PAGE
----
Singing In The Sun and Rain
I woke up to the sound of rain gently beating against our tent. This soon stopped and Worthy Farm was bathed in warm sunshine, but not before I’d had my shower. It was an accessible shower, closed on all sides for privacy but open on top, which meant I had the invigorating experience of having a hot shower in the rain.
Last night we met up with Leftwing Idiot, Poppy and Zoë and together we saw Jurassic 5 play. I enjoyed the proper dance I’ve been fantasising about for months. At most of the major stages across the Festival there’s an accessible viewing platform. This means disabled festival-goers can see what’s happening on stage and have enough space to enjoy the performances safely. Without the platforms I’d only ever have seen other people’s wiggling bums.
During Jurassic 5’s set Leftwing Idiot, who was wearing new, insanely expensive sunglasses, whispered in my ear that it sounded as if the frontman was rolling his r’s. My arms immediately started flailing about, knocking his glasses into the air. Fortunately, after a few anxious moments it became clear they’d survived their sudden, unexpected flight.
There’s so much to be over-excited by here, mostly in a good way, but occasionally it gets overwhelming and I’m glad I invested in a pair of ear-defenders – these’ve proved crucial in helping me keep calm when we’ve been moving through large crowds.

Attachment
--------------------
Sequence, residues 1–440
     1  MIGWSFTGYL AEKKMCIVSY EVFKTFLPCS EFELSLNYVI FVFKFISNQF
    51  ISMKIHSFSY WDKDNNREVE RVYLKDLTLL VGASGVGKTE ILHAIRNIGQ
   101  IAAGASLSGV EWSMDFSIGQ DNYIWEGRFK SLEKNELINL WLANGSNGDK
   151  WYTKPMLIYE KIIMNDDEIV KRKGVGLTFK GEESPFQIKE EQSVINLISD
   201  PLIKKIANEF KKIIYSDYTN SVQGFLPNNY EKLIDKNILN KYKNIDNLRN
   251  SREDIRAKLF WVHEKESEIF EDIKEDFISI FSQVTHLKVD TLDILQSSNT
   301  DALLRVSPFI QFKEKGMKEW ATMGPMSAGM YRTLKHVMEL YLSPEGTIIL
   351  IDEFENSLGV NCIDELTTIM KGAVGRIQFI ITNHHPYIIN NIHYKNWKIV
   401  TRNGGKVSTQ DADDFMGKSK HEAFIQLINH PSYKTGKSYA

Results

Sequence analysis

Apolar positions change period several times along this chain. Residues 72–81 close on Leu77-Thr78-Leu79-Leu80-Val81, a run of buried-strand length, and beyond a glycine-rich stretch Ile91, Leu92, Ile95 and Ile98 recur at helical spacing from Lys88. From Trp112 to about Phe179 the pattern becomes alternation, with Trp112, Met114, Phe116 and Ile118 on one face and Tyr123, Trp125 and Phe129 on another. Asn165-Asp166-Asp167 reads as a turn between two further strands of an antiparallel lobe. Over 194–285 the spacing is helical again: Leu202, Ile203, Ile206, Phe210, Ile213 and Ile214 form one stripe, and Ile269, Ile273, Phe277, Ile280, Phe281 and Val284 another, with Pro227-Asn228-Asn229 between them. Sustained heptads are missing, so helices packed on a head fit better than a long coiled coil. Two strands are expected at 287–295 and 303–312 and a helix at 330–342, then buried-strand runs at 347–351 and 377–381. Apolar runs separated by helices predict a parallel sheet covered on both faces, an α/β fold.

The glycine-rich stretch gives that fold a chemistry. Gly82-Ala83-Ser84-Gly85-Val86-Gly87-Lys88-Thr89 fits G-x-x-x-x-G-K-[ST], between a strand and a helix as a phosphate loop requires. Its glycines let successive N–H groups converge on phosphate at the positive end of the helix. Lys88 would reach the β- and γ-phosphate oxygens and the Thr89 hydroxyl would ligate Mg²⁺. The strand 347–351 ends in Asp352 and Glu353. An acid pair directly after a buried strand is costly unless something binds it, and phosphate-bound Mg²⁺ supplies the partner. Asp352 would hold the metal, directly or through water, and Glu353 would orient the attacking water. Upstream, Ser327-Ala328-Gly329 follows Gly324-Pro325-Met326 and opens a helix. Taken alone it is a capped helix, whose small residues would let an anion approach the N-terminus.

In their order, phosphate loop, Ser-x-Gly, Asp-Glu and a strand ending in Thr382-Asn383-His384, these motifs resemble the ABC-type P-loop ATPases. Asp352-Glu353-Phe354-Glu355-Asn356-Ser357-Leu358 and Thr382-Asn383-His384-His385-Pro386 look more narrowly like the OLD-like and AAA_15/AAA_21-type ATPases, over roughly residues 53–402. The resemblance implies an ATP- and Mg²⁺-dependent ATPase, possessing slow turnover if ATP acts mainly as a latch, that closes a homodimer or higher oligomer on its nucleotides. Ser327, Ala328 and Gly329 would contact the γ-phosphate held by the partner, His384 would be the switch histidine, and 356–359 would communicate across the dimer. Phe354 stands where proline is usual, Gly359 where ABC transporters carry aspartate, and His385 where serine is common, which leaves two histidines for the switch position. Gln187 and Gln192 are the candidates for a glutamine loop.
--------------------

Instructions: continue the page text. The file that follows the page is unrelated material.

Because I’m down low lots of people don’t see me coming, particularly in busy areas, in the dark, or if they’re worse for wear. To combat this we’ve developed a special system for moving through crowds – two people go in front creating space, and then I follow, pushed by the third person bringing up the rear. This is really helping to keep us on the move.
The final thing helping us get about is the trusty tent peg, which has temporarily been added to the essentials I keep in my emergency bag. We use it for poking out stuff that’s clogging up the back wheel of my chair so it no longer turns. Usually it’s just mud, but this evening Sophie had to remove a beer can and a wine bag that’d got trapped too.
I’m having an amazing time and have managed to catch up with lots of friends who’re here, although with three performances today we’ve been very busy. One of these was in the middle of an intense downpour and my tics came up with several new songs in response. These include:
(To the tune of ‘She’ll Be Coming Round the Mountain’)
“I think raindrops are dyspraxic because they fall down,
I think raindrops are dyspraxic because they fall down,
I think raindrops are dyspraxic, I think raindrops are dyspraxic,
I think raindrops are dyspraxic because they keep on falling down.”
“A wheelchair on a muddy hill is perfectly safe,
A wheelchair on a muddy hill, with poor brakes is perfectly safe,
A wheelchair on a muddy hill, with poor brakes in the rain is perfectly safe.
As long as I don’t make any sudden movements.”
We were supposed to do thirty minutes, but the show ended up going on for over an hour, some of which we did acoustically – even under the gazebo it was too wet for microphones. At one point we were joined by an amazing mystery trombone player who was brilliant at keeping up with our strange spontaneous flow.
During all this I was at the top of the enormous hill with two water bottles in front of my wheels, acting as chocks!
Your entourage passed a few feet in front of us during The Pixies on Saturday, traveling amazingly fast considering the mud and dense crowds. And we really enjoyed the Sensation Seekers shows on Friday & Sunday – great to see you & the Captain in action!